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Desert Diary


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An idiosyncrasy of the human mind seems to be a propensity for placing people into two antagonistic groups: us and them. This has been a survival mechanism at times. But also there's no doubt whatever that this has led to horrendous slaughter and human degradation. Supposed racial differences such a skin color, hair type, and facial features have long played a part in our desert region—defining us and them, with "us" defined by our particular bonds, whether Anglo, Native American, Hispanic, or other.

Modern science has finally put things into context. It turns out that humans differ very little from one another and that the differences we see are primarily minor adaptations to local conditions. To put things into perspective, all the variations seen among people of the earth are less than those found between two groups of chimpanzees located only a few hundred miles from each other.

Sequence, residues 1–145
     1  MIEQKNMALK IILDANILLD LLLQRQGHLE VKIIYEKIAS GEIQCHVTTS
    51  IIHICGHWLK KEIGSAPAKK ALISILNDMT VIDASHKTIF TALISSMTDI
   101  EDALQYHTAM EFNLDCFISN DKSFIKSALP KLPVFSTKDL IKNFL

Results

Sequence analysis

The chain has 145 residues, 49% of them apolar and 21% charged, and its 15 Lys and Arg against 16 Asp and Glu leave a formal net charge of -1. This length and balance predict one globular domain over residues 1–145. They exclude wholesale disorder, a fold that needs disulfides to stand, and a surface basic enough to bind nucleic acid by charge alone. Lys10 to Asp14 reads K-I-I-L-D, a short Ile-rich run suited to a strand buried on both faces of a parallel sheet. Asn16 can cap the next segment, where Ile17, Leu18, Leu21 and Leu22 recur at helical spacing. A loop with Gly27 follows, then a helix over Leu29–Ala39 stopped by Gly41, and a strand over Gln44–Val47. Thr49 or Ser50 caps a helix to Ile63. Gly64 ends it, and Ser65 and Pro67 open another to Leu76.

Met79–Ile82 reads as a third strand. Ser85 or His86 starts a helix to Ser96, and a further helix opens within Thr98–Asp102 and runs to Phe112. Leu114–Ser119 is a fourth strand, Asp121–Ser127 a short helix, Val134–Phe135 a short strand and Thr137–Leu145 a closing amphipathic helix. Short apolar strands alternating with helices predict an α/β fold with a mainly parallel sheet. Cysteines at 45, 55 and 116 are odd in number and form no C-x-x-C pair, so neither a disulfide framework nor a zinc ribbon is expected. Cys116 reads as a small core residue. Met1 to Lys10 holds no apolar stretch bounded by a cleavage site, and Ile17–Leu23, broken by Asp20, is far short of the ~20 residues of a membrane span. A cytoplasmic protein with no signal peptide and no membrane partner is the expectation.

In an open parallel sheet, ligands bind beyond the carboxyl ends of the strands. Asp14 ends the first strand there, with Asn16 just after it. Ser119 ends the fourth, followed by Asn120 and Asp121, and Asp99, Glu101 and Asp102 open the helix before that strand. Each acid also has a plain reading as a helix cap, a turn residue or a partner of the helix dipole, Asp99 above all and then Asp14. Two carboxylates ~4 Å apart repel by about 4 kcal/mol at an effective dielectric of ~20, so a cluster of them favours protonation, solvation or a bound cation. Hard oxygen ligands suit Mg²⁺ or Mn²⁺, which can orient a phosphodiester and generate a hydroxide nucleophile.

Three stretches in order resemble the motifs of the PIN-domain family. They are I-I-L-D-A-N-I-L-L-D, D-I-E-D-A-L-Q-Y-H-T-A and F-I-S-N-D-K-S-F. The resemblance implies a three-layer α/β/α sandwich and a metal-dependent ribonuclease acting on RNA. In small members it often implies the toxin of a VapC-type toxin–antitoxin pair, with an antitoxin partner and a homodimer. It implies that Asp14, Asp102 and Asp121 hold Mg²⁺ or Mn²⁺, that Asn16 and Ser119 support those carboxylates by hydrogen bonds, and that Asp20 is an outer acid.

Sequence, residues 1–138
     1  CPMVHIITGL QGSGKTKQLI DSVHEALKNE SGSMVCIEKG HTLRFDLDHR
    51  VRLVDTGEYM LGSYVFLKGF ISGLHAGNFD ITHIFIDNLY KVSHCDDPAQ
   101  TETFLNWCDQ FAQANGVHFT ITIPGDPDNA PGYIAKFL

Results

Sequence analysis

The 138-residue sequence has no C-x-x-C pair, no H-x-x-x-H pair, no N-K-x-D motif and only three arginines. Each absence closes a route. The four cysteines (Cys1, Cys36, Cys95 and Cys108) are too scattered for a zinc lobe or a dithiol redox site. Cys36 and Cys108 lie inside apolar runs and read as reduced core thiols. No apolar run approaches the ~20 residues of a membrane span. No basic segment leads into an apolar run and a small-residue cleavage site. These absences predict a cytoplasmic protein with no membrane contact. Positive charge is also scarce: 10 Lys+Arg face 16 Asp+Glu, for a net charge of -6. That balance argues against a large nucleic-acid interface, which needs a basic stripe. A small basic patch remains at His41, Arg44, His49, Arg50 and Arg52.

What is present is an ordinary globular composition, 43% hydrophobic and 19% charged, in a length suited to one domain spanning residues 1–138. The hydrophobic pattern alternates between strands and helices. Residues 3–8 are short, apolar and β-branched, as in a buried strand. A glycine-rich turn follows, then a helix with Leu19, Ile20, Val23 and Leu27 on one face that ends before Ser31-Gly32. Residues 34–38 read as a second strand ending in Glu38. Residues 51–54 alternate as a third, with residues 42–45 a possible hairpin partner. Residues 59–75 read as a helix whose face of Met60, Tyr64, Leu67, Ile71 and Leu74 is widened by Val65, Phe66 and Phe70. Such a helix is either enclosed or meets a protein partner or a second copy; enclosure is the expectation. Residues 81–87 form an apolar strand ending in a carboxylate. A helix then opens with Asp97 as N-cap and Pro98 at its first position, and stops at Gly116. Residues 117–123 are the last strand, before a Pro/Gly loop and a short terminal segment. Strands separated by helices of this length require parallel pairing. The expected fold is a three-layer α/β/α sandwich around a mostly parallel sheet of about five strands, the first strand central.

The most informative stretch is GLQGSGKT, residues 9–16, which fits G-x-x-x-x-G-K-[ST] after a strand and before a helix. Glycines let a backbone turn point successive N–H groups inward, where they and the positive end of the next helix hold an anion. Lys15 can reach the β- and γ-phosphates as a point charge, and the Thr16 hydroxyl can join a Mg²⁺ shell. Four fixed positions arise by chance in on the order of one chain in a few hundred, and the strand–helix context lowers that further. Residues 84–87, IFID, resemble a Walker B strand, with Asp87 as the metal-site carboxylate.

As long as we allow "us versus them" to rule, Pogo of cartoon fame was right on: "We have met the enemy and he is us".
pen and ink


Contributor: Arthur H. Harris, Laboratory for Environmental Biology, Centennial Museum, University of Texas at El Paso.

Desert Diary is a joint production of the Centennial Museum and KTEP National Public Radio at the University of Texas at El Paso.